TR: Oh, you were scared she was going to do that head shake thing that AKAs do? I can see how that could be scary.

FLY: Nah, that’s not it. I’m a member of Alpha Fly Alpha, so I wouldn’t bother my sister like that. It’s just a respect thing. Also, I need to clear something up:

That wasn’t my first time meeting Mike Pence. We go way back to when he was governor of Indiana and he refused to prosecute the unjust execution of my cousin.

And this ide­ol­o­gy is being used to mobi­lize a large base ahead of a cru­cial elec­tion. In mid-Octo­ber, the orga­ni­za­tion will be show­ing its new doc­u­men­tary ​Nev­er Again?” in 800 the­aters — in addi­tion to church­es — across the coun­try, a move that crit­ics say is like­ly aimed, at least in part, at encour­ag­ing U.S. church­go­ers to sup­port Trump. As Hagee and oth­er Chris­t­ian Zion­ists have used their perch­es to mobi­lize sup­port for Trump, the pres­i­dent has show­ered them with pol­i­cy wins, from the mov­ing of the U.S. embassy to Jerusalem to vio­lent bel­liger­ence towards Iran. Dur­ing an intense elec­tion sea­son that has been upend­ed by news of Trump’s Covid-19 diag­no­sis, it is impos­si­ble to ful­ly grasp the con­tours of the 2020con­test, or the glob­al role of the Unit­ed States under Trump, with­out under­stand­ing this pow­er­ful polit­i­cal force.

What’s under­re­port­ed is the mas­sive size of the Chris­t­ian Zion­ist vot­ing bloc and how much Trump is rely­ing on it as a prospect to retake the White House,” says Ste­fanie Fox, the exec­u­tive direc­tor of Jew­ish Voice for Peace Action (JVP Action), a nation­al orga­ni­za­tion that oppos­es the Israeli occu­pa­tion. ​That has been the rea­son and ratio­nale for Trump’s very promi­nent anti-Pales­tin­ian agen­da from day one.”

And Trump took advantage of “three core standard practices of professional journalism” to drive the disinformation campaign.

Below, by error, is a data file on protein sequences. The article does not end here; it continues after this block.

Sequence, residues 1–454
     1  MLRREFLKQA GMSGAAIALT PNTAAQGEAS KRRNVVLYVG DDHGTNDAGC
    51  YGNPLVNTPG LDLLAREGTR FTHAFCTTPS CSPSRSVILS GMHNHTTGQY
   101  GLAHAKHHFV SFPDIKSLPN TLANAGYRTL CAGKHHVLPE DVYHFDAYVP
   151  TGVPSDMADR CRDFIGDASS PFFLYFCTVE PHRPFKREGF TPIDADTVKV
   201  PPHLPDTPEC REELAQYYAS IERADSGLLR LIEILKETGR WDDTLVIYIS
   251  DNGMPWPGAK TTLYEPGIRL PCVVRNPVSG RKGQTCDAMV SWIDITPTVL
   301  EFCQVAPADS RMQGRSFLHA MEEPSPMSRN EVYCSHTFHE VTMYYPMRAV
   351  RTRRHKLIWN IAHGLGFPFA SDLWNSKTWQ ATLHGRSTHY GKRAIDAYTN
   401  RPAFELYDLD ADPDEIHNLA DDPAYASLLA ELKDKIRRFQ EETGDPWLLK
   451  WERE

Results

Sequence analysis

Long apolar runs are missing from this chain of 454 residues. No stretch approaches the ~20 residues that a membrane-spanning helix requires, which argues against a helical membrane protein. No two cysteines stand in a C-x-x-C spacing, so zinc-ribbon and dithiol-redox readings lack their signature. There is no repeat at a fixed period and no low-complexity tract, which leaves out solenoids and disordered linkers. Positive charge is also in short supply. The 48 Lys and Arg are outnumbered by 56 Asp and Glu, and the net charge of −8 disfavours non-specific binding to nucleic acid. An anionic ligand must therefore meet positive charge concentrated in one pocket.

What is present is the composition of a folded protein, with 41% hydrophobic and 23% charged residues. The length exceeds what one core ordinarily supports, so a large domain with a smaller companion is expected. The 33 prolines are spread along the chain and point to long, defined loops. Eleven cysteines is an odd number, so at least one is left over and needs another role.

These three are: elite institutional focus (if the President says it, it’s news); headline seeking (if it bleeds, it leads); and balance, neutrality, or the avoidance of the appearance of taking a side. He uses the first two in combination to summon coverage at will, and has used them continuously to set the agenda surrounding mail-in voting through a combination of tweets, press conferences, and television interviews on Fox News. He relies on the latter professional practice to keep audiences that are not politically pre-committed and have relatively low political knowledge confused, because it limits the degree to which professional journalists in mass media organizations are willing or able to directly call the voter fraud frame disinformation. The president is, however, not acting alone. Throughout the first six months of the disinformation campaign, the Republican National Committee (RNC) and staff from the Trump campaign appear repeatedly and consistently on message at the same moments, suggesting an institutionalized rather than individual disinformation campaign. The efforts of the president and the Republican Party are supported by the right-wing media ecosystem, primarily Fox News and talk radio functioning in effect as a party press. These reinforce the message, provide the president a platform, and marginalize or attack those Republican leaders or any conservative media personalities who insist that there is no evidence of widespread voter fraud associated with mail-in voting.

Required Reading is published every Saturday, and it is comprised of a short list of art-related links to long-form articles, videos, blog posts, or photo essays worth a second look.